Thanks for being interested in the issue of affirmative action, and the truth.

[Will, 7:04 AM]
Of Compromise and Kings:

In a bout of reasonableness, Slate's Chatterbox suggests an intelligent Judicial compromise. The democrats put down their sword and the republicans will put down their rock. I think this is exactly the way to break our so-called Constitutional crisis. Alternatively, Bush could just offer to nominate a left-winger or two for every handful of right-wingers he gets. What's wrong with trading horses? Doesn't trade make everybody better off?

[Will, 7:04 AM]
Graves:

And further thanks to the Political Graveyard for discovering us. I think that's the most popular site to link to us yet.

[Will, 7:03 AM]
Evolution:

Sorry for the brief posting dearth. We have now been converted over to the new blogger. Let's see if we can avoid joining the Movable Type revolution.

Wednesday, June 25, 2003

[Will, 1:25 PM]
Buck:

And thanks, of course, to Stuart Buck, for adding us to his blogroll. It's an honor.

[Will, 1:14 PM]
Executive Orders and Colorblindness:

For those of you who believe that affirmative action is generally wrong, here's a question: at what level of generality does that hold? Which is to say, if the president announced publicly that he would only nominate a Supreme Court Justice who was black, would that run afoul of the Constitution's guarantee of colorblindness? (Suppose he used the same diversity argument that Michigan does).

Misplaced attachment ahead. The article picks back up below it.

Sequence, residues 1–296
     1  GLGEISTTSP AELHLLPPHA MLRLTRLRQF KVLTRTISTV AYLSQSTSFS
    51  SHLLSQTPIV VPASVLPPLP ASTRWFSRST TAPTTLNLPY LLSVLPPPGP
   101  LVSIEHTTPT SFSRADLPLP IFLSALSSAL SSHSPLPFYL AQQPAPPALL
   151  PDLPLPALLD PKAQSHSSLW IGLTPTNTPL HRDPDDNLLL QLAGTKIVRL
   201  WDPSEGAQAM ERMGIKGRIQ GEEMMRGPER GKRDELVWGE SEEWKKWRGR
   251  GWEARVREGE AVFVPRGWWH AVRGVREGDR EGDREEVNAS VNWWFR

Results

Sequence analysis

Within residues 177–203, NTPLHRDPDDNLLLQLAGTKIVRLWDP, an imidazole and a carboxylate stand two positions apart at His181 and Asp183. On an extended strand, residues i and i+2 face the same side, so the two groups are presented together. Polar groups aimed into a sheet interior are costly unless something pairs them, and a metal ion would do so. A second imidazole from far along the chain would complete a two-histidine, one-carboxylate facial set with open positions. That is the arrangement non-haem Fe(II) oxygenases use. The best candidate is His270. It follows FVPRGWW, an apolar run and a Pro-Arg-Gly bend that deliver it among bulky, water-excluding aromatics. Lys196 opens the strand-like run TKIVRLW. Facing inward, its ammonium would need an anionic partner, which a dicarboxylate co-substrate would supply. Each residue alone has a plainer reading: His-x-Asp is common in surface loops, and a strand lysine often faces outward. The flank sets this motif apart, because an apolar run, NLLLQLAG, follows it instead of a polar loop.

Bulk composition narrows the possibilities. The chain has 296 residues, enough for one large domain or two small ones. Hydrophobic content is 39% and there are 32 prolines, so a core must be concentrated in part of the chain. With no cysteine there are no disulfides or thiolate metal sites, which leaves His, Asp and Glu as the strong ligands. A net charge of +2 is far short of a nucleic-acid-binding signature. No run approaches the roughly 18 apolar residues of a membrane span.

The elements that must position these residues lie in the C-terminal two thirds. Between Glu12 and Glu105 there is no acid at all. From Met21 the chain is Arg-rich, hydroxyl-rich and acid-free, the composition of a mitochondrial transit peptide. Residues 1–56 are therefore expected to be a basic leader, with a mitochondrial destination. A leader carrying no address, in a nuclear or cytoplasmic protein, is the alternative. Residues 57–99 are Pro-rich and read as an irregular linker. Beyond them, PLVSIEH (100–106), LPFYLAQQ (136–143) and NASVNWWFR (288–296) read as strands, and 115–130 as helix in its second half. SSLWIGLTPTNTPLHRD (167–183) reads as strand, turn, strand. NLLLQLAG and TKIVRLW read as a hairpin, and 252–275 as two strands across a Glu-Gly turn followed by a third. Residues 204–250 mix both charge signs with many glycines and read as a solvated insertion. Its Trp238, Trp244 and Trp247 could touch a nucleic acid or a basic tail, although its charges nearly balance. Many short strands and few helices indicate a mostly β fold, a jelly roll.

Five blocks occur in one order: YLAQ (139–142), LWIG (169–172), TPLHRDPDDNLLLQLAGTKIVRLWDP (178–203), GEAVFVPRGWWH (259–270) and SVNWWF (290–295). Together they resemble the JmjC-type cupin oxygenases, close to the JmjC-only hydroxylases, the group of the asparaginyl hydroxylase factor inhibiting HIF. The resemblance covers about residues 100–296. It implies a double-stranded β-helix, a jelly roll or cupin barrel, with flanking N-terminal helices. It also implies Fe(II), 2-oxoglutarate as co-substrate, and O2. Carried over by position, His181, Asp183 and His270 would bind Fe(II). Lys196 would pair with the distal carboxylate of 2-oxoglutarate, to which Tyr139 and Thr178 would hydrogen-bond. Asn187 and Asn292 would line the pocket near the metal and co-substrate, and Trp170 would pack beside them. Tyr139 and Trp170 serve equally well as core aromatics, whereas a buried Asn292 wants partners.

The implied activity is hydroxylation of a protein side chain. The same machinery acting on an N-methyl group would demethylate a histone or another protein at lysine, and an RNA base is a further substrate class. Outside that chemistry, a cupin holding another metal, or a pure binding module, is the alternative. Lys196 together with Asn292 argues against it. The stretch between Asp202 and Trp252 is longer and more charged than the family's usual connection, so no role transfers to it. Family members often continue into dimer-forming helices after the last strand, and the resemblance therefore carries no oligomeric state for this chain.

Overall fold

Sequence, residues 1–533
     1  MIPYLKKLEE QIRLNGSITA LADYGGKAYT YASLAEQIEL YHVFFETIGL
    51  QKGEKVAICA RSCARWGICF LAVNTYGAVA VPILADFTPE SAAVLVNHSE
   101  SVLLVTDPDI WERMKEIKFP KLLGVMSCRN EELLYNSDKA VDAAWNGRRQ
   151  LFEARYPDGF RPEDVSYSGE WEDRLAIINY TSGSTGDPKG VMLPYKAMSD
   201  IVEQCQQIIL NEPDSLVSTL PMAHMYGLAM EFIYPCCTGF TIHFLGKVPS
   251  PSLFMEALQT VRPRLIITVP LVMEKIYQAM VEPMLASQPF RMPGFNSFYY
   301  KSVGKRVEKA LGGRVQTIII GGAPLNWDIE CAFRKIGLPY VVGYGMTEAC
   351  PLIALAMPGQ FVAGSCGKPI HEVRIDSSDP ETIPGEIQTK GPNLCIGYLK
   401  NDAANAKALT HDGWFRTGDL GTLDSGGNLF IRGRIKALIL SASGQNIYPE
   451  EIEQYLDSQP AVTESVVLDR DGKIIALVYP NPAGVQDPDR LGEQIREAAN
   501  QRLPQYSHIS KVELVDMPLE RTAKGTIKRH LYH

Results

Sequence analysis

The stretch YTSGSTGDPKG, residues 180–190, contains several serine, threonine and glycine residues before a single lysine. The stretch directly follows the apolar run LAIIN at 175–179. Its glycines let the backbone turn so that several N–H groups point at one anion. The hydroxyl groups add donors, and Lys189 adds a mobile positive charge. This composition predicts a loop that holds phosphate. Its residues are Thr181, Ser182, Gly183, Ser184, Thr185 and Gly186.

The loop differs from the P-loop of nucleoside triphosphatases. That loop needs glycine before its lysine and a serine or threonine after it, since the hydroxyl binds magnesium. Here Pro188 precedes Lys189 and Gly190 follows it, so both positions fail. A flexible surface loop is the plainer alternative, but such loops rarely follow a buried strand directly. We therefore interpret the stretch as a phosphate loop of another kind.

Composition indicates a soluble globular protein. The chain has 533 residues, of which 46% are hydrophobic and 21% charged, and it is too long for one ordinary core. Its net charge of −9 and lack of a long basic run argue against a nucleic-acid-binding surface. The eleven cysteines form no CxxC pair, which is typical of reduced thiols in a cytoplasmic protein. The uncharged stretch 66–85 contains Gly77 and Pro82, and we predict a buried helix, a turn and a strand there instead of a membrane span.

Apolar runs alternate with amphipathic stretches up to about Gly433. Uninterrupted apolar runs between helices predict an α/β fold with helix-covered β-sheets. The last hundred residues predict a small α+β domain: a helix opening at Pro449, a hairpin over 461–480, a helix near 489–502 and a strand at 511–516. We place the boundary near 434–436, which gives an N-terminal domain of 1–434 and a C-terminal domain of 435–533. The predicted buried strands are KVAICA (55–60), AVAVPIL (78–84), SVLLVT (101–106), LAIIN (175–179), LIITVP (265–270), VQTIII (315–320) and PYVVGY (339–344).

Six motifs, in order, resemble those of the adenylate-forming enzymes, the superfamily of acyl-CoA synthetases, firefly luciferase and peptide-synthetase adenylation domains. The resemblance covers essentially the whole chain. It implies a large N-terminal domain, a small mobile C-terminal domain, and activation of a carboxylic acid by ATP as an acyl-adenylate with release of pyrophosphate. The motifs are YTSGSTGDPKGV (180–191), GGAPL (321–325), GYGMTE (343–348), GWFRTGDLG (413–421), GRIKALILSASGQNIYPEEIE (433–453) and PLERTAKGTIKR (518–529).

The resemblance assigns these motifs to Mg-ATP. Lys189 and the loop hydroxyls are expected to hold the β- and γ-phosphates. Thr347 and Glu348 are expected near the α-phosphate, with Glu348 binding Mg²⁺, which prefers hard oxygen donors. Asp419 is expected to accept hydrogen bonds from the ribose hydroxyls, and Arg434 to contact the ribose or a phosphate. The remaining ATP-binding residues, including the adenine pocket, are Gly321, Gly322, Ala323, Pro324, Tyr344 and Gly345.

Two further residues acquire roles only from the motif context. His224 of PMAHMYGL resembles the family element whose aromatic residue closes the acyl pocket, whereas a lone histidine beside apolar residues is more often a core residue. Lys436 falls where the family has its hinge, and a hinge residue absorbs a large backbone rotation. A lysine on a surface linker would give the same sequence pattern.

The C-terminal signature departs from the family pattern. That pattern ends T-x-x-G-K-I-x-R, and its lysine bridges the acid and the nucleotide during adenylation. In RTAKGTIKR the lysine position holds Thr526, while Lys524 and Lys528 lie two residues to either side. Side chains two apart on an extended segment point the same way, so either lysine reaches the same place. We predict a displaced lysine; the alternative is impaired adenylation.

What if the president declared that 20% of his cabinet nominees would be black? What about sub-cabinet officials, under secretaries and the like? What about district court judgeships?

My question isn't whether these executive quotas would be desirable or undesirable, it seems clear to me that they would probably be a pretty bad idea. But would they be unconstitutional? And if so, what would the remedy be? At its limit, suppose a president (with the assent of an antediluvian Senate supermajority) announced that he would not give an appointment of any sort to anybody who was not white. Suppose that some various courts didn't grant preliminary injunctions, and it took a long time for the case to work its way through the court systems. If the court held this presidential preference to violate the 14th Amendment, what would the remedy be? (Unlike Gratz and Grutter, petitioners couldn't just demand to be spontaneously "instated" for many appointments without funding and the like to create a new seat). When should the court hold such a preference to be unconstitutional?

[Will, 11:13 AM]
Pulling up the Ladder:

(via How Appealing) Usually, I leave the pleasure and chore of fisking Maureen Dowd to the OxBloggers or on occasional outside contributor. But then, usually Maureen Dowd confines herself to mocking conservative politicians rather than one of the most principled Supreme Court Justices to sit the bench. Her Op-Ed in the New York Times is full of the characteristic Dowd savagery. By agreeing with the facial claim that affirmative action is a terrible idea, she uses it to mock Thomas's competence, honesty, and quality. For a much better piece on the confirmation piece, see this 1992 piece in Reason-- Native Son: Why a Black Supreme Court Justice Has No Rights A White Man Need Respect. But on to Dowd . . .